Furthermore, lawyers now have access to tools that enable them to understand large amounts of information more efficiently and comprehensively. Prior to electronic searches and research, lawyers relied on printed judgments. Now, they can perform searches and research electronically and gain insight from historical data. Some of these insights are being used to forecast the outcome of class actions and legal proceedings and based on this information, a client can decide whether to take legal action through the justice system. Overall, it makes it easier and faster to answer people's legal questions.
2 - LegalTech
The LegalTech sector is also concerned with developing technological solutions for the legal profession, but with a focus on lawyers and law firms. It is a subcategory of LawTech and refers to technology that automates processes and operations, thereby saving lawyers' time and their clients' money. Several LawTech examples above fall under the banner of LegalTech as well.
3 - NewLaw
NewLaw refers to entities in the legal industry that have broken away from those traditional models that have come before them, in an attempt to address the problems facing those who interact with the law. It is the opposite of BigLaw, which refers to firms with a more traditional business model. Key differences include;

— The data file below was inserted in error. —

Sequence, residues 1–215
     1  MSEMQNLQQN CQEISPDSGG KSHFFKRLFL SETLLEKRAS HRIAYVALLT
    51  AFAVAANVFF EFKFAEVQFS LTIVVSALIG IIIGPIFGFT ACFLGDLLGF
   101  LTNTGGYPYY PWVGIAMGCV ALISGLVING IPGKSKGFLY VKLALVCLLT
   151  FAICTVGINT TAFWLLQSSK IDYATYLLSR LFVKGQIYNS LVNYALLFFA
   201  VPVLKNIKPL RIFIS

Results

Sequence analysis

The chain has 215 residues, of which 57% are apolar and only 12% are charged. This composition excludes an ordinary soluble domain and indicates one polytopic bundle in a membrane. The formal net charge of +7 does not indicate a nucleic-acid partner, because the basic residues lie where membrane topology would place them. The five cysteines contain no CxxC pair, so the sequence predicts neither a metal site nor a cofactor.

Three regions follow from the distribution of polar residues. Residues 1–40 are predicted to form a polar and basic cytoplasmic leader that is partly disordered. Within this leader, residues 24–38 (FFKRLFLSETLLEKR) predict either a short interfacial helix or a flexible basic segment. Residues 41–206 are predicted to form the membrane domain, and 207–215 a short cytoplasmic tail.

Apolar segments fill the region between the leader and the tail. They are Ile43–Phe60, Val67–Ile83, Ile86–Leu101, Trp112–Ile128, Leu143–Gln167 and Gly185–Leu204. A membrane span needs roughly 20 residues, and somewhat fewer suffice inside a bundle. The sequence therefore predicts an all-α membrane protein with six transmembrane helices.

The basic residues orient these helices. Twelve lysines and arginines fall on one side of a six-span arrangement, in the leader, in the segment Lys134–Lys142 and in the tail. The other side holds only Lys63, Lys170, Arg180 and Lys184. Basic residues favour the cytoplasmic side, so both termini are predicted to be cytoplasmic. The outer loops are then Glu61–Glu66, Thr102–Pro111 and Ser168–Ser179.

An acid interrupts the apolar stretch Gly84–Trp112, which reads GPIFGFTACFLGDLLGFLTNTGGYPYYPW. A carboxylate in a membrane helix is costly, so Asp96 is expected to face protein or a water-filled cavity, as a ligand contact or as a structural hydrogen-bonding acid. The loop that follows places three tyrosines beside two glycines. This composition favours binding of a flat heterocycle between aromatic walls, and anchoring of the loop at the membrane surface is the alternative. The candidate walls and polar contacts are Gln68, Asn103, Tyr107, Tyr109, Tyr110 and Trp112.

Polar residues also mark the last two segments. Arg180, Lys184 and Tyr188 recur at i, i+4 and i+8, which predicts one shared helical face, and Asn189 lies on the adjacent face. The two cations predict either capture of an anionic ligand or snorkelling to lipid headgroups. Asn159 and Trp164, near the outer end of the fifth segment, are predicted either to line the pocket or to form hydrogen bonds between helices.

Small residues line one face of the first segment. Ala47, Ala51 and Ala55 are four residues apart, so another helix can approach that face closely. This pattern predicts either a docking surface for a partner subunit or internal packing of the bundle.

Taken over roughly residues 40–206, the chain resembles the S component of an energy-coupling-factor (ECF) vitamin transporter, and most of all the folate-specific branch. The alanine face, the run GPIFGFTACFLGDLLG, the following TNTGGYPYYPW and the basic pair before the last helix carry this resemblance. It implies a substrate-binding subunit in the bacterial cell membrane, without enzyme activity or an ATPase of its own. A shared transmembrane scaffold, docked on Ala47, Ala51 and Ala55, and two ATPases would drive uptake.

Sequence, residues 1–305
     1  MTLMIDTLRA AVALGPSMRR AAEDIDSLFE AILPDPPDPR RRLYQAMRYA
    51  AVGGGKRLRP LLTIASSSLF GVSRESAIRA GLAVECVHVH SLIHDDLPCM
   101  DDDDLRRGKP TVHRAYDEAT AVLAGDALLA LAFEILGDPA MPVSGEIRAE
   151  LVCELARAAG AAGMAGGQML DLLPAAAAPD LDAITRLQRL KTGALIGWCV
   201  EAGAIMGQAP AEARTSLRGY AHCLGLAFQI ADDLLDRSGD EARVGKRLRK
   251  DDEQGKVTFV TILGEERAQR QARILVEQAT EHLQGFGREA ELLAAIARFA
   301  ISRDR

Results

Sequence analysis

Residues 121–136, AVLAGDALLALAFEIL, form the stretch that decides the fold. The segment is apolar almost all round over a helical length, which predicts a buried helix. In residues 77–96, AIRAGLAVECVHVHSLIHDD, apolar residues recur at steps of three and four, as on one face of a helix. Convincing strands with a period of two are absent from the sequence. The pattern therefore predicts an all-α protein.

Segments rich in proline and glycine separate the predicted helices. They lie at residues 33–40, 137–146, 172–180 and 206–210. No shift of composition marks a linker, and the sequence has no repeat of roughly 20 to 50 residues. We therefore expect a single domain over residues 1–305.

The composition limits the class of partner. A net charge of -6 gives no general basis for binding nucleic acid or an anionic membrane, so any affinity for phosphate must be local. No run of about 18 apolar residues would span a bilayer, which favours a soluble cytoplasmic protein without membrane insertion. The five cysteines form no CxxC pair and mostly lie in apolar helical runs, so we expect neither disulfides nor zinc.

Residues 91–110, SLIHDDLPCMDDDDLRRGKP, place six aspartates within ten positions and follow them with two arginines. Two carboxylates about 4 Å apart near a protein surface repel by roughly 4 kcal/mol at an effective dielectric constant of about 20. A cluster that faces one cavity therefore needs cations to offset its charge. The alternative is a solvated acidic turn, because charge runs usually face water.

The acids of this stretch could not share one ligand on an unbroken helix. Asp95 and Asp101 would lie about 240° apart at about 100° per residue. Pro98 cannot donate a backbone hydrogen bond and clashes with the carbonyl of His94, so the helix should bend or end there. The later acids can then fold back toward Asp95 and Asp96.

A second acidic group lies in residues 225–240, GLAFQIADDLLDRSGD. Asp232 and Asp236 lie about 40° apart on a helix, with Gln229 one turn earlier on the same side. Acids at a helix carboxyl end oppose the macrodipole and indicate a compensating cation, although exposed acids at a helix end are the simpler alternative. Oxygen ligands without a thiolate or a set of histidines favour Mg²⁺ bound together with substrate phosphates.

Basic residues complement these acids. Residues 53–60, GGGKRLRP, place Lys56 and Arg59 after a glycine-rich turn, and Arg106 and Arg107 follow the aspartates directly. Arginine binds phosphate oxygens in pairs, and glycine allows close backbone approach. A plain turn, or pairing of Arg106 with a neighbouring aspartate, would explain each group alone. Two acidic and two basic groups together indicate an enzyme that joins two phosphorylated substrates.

- utilising technology to enhance efficiency and deal with legal issues;
- new billing arrangements such as subscription-based services and fixed fees;
- developing commercial solutions that address client needs;
- business development and marketing are the main methods by which work is won;
- Integration of legal specializations to provide clients with a seamless and complete legal package; and
- the pursuit of innovation
NewLaw is mostly associated with innovative law firms but is also sometimes used more broadly to describe other legal services providers and entities that provide LawTech and LegalTech solutions.
4 - BigLaw
The BigLaw business model is traditional for law firms. It is characterized by partnership models and hierarchical structures and encompasses the following;
- a partnership model, where partners share in the equity of the firm and are promoted from within;
- hourly billing;
- high hourly rates reflecting the expertise of varying practice areas;
- a hierarchical structure, which is not conducive to simpler, less specialised legal work;
- the majority of work is won through networking, based on reputation and personal connections.